"Many say the puzzle piece symbolizes a single trait of autism. All of the puzzle pieces are different and the resulting picture is different for each person," said the message in the notebook.
"We just decided to make this during Autism Awareness Month," said Gary McPherson. "I think this might be one of the first in the country based on Autism."
Nicholas' mother said children with autism are a puzzle on themselves, and that each child diagnosed is different.
"If you know one child with autism you know one child with autism because they may have similar traits but the way they express those traits are totally different," she said.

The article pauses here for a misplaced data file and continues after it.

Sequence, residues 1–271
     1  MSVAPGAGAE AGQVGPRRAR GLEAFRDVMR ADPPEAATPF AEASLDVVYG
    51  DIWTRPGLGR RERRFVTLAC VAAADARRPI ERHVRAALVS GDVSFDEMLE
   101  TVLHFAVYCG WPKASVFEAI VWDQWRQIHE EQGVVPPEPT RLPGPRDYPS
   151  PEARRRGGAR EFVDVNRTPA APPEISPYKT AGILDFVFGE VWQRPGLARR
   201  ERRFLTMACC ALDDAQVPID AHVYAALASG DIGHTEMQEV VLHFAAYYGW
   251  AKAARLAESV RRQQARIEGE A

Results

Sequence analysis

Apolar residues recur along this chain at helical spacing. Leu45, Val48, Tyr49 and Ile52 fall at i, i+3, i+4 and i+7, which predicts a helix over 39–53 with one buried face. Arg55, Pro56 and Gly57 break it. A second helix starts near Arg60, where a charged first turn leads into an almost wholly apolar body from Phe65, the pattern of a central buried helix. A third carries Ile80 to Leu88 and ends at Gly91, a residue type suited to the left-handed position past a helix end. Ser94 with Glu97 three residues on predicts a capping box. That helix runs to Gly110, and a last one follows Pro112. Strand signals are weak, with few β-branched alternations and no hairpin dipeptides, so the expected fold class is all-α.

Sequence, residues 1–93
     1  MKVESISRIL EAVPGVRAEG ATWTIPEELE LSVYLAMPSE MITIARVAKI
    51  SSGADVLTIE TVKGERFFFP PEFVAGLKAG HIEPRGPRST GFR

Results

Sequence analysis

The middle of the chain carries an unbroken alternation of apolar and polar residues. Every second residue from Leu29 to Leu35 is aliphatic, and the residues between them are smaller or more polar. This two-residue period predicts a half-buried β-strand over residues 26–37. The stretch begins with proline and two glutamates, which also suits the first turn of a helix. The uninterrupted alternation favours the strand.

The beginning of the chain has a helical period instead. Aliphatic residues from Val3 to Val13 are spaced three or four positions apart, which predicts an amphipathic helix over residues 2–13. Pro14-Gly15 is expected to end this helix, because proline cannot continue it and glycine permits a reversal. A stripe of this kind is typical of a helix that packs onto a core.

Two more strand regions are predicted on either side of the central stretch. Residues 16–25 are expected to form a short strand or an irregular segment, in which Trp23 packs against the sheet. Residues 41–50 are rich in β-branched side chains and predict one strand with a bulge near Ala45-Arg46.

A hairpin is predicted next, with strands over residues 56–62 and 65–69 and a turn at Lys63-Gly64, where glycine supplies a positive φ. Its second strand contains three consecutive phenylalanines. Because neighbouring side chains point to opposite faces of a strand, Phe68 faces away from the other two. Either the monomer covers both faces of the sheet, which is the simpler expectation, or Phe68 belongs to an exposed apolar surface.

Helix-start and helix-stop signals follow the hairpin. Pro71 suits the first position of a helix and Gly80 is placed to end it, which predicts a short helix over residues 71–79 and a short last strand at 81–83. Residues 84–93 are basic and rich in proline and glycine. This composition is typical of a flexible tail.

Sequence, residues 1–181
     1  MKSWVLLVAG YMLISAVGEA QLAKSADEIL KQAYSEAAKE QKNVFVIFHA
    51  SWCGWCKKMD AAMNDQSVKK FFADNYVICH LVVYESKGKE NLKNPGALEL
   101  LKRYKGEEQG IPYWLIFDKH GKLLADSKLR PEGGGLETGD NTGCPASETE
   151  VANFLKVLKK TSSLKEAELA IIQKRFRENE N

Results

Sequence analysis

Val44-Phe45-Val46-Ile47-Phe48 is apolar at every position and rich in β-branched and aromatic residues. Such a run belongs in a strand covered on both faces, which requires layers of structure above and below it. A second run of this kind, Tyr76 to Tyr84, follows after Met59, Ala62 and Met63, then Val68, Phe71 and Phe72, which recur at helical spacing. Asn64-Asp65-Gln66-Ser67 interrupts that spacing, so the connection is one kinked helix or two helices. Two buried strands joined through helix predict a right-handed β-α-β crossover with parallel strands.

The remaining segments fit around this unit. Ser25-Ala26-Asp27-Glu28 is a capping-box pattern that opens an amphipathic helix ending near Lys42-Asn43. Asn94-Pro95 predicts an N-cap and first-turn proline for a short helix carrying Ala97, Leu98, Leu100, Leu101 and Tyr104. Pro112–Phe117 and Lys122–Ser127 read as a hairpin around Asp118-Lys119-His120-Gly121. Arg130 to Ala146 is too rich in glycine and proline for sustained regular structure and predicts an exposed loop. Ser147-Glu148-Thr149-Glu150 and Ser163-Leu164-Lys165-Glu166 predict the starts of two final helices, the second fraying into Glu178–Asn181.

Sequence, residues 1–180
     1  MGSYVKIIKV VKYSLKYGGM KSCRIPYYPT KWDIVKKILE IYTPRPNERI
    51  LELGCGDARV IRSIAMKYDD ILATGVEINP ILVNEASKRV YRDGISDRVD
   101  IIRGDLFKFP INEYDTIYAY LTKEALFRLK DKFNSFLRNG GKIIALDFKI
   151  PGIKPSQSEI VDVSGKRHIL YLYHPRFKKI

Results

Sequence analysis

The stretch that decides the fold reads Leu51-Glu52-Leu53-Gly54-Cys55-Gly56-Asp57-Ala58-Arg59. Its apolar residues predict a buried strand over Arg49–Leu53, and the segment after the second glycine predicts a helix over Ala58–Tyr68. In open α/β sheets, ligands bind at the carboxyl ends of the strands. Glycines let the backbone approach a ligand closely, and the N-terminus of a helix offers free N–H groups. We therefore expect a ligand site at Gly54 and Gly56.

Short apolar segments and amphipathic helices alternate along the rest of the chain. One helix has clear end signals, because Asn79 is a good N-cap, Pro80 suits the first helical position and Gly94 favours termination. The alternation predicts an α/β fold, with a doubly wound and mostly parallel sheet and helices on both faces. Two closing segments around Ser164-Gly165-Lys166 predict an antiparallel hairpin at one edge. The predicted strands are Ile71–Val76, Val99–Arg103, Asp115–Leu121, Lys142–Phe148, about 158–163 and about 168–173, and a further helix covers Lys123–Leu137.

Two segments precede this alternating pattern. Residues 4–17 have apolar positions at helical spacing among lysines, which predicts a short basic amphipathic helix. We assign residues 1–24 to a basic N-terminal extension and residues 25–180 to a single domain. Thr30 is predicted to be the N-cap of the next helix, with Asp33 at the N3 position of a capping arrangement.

After the cache is hidden among light debris, McPherson's father sets his handheld GPS to record the coordinates of the geocache, with the box located at North 42 degrees 52.300 feet and West 73 degrees 56.840 feet.
McPherson said he hopes to complete 30 different geocaches over the summer and of the many caches he has done since becoming interested in the hobby three years ago the one at the Christman Nature Sanctuary, in Duanesburg, near a waterfall on the Bozen Kill Creek is his favorite.
For more information about geocaching and about Nicholas' cache, visit Geocaching.com.